Molly Canaday wishes she could repair her life as easily as she fixes cars. She was all set to open her own body shop in Last Chance when her mother ran off and left her to manage the family yarn shop instead. Now guided by the unsolicited-though well-intended-advice of the weekly knitting club, Molly works to untangle this mess. But her plan unravels when the new landlord turns out to be difficult-as well as tall, dark, and handsome.
Simon Wolfe returns to quickly settle his father's estate and then leave Last Chance for good. Still wounded by a broken heart, Simon is surprised when the town's charming streets and gentle spirit bring back good memories. Soon the beautiful, strong-willed Molly sparks a powerful attraction that tempts him to break his iron-clad no-commitment rule. Can Simon and Molly find a way to share work space-and build a future together in Last Chance?
Good book. Molly has been pretty content with her life. She enjoys her work as a mechanic and has plans to open her own body shop as soon as she sells the car she's restoring now. Her creative side is satisfied by her knitting. Then everything goes to hell when her mother runs away from home, leaving Molly in charge of the knitting shop and running things at home. The local banker is holding the car she's restoring hostage, and the building she wanted for her business is suddenly leased to someone else.
Simon has returned to Last Chance to settle his father's estate. He hasn't been home since he argued with his parents about following his own path. The memories he has of Last Chance aren't the best. His parents were always fighting when he was a kid and he got caught in the middle. He was present at the death of his best friend. Now he just wants to settle things and go home to California. He is an artist who has a major commission to finish and it isn't going well. He doesn't expect to feel an attraction to Molly, who was just a child when he left.
Both Molly and Simon have some pretty major parental issues going on. Molly is in her twenties, still living at home, and dealing with her parents' expectations. When her mom takes off, Molly is expected to step right in and take over. Mom has never approved of Molly's dreams for her car restoration business and constantly tries to change Molly into what she wants. Meanwhile, after several years as a child being treated like a son by her father, when her brothers were born she was suddenly expected to turn into a girly girl. She tries hard to make people understand who she is, but it's an uphill battle. Simon has returned to deal with his father's death. He's dealing with a boatload of guilt because they never mended fences, but he isn't sorry that he stood up for himself. When he arrives home it's to discover that his mother suffers from dementia and most of the time doesn't recognize him. Even when she does, she treats him badly.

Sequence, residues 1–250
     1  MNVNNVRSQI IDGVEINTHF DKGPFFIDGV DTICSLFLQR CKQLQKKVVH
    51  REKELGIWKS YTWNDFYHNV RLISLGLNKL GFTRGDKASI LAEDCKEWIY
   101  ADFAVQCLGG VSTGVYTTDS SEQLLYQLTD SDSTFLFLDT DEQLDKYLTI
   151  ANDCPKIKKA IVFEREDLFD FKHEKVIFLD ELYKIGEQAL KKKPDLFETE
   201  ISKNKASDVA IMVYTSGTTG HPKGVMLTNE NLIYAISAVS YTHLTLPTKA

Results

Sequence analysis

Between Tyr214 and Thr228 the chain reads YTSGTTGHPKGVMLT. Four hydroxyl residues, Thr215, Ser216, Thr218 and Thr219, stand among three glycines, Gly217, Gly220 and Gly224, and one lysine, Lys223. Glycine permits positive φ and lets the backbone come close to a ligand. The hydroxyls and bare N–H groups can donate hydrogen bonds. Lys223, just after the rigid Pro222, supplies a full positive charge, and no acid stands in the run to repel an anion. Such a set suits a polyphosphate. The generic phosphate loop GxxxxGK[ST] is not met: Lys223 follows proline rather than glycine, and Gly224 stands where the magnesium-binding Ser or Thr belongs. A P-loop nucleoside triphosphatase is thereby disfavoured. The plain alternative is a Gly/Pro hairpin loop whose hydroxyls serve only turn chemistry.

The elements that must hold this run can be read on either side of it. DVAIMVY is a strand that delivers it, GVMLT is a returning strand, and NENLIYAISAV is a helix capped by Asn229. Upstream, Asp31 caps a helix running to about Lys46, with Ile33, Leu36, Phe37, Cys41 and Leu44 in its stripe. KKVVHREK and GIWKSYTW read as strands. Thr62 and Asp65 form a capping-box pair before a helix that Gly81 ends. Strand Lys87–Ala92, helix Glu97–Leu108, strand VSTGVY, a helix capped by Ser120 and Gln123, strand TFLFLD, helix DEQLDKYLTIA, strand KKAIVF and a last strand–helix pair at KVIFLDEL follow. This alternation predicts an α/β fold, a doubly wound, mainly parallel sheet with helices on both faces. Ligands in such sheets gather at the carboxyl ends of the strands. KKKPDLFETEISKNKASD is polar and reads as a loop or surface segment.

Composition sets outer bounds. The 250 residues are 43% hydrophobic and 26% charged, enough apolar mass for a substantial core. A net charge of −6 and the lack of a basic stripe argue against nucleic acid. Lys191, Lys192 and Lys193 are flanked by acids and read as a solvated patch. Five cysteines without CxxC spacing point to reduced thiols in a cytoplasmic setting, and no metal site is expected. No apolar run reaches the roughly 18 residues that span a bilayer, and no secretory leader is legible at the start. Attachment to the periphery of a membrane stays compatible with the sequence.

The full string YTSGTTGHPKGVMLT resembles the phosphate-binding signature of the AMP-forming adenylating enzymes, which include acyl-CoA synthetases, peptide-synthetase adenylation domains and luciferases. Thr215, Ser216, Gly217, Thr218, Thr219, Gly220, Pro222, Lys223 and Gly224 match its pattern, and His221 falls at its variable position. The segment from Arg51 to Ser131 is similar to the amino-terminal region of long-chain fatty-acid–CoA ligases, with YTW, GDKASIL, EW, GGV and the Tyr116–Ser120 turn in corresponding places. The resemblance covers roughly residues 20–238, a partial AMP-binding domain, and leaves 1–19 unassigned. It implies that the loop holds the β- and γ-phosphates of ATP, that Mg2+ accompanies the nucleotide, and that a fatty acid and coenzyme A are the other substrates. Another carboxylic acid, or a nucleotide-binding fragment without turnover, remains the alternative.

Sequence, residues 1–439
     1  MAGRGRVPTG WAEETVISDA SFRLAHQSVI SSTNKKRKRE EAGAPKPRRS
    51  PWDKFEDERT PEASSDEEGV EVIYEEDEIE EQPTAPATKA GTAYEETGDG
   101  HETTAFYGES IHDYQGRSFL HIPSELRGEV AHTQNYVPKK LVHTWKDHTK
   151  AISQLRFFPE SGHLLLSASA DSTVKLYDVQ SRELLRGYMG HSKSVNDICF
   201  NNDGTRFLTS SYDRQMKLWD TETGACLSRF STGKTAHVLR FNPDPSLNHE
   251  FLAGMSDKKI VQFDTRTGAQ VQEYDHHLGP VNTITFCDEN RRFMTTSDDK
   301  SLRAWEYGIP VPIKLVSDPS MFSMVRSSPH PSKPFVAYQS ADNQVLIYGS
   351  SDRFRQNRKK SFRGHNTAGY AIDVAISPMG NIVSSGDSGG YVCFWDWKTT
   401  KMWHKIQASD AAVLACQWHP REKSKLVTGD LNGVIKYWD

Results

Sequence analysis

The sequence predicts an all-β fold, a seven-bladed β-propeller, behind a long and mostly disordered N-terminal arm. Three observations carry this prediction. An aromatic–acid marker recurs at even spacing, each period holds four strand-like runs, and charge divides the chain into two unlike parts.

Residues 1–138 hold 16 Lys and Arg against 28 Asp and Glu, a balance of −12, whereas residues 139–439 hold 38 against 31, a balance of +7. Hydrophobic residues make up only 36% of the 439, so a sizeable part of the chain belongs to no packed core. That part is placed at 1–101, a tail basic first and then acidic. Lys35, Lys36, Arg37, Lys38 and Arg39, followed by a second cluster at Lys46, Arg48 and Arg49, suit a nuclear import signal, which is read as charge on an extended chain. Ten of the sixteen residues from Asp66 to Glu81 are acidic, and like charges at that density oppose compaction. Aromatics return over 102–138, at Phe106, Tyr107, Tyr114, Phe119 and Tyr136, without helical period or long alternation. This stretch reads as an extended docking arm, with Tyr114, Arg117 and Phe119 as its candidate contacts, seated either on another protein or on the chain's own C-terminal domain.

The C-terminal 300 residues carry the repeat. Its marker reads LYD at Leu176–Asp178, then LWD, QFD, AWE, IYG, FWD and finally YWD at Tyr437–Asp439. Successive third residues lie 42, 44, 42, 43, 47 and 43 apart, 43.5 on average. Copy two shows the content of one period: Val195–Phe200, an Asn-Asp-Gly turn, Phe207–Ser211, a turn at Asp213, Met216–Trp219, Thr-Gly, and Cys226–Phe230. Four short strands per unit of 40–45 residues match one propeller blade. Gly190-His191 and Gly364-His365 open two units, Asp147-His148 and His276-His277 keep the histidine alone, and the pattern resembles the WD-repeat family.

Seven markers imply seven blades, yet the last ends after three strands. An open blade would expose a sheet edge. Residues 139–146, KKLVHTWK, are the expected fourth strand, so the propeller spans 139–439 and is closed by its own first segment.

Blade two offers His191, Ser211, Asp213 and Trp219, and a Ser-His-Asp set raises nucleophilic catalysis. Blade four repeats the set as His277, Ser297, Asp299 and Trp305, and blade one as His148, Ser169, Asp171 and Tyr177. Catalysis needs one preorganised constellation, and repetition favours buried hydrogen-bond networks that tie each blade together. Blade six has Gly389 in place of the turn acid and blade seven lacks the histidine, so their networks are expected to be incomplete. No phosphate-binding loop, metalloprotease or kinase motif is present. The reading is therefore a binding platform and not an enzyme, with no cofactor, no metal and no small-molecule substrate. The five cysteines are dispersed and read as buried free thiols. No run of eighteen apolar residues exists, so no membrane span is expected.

When Molly and Simon first meet, there is some antagonism. But there are also sparks. Simon offers her space in his building where she can work on her car while he works on his painting. They find themselves getting closer and building a friendship that slowly starts to develop into something more. Each of them resists the idea because neither is interested in commitment. They also have to deal with a whole bunch of interference from various members of the town. Everyone is trying to push Molly into a relationship with her friend Les and she doesn't care for him that way. And both of them are getting a boatload of grief from Molly's father, who had also been Simon's football coach. He keeps harping on the age difference between Molly and Simon and refuses to see that it shouldn't make any difference. I got really angry at the way everyone seemed to cave in to Coach's wishes when he was being so obnoxious.
I loved seeing how great Molly and Simon were with and for each other. Simon understood just what made Molly the person she was. He loved the contrasts in her personality, from her ability with cars to her knitting creativity. He also was able to see when she needed the closeness of his touch. I also liked the way he supported her choices by giving her the space to use. The only thing I didn't like was the way he let Coach talk to him. On her side, Molly saw past the shell that Simon showed to everyone else in town. She didn't like the way that they all treated him, especially once she got to know him better. I loved the scene where she talked him into playing hooky, and then he got her to go skinny dipping. Things really started to heat up between them at that point. They had so much going for them if they could just get up the backbone to go after what they wanted. There was a very nice twist to the ending, as both Simon and Molly realized what they wanted and what they had to do.
I loved visiting the town of Last Chance again and seeing old and new friends. Miriam, and now Savannah, are still making their ambiguous matchmaking predictions. The book club is still arguing over its selections. I especially enjoyed the scenes in the knit shop. The Purly Girls knitting group was fun to watch. I could also easily picture the chaos created by the toddler who was running wild. One of my favorite characters was Angel, Simon's assistant. He was so quickly absorbed and accepted by most of the town, despite his differences. I especially loved his involvement in so many things that benefited by his touch. He was such a people person that he was a delight to watch. I also loved the way that he was the one who was able to get through to Simon and get him back where he belonged. I really hope to see more of him in later books.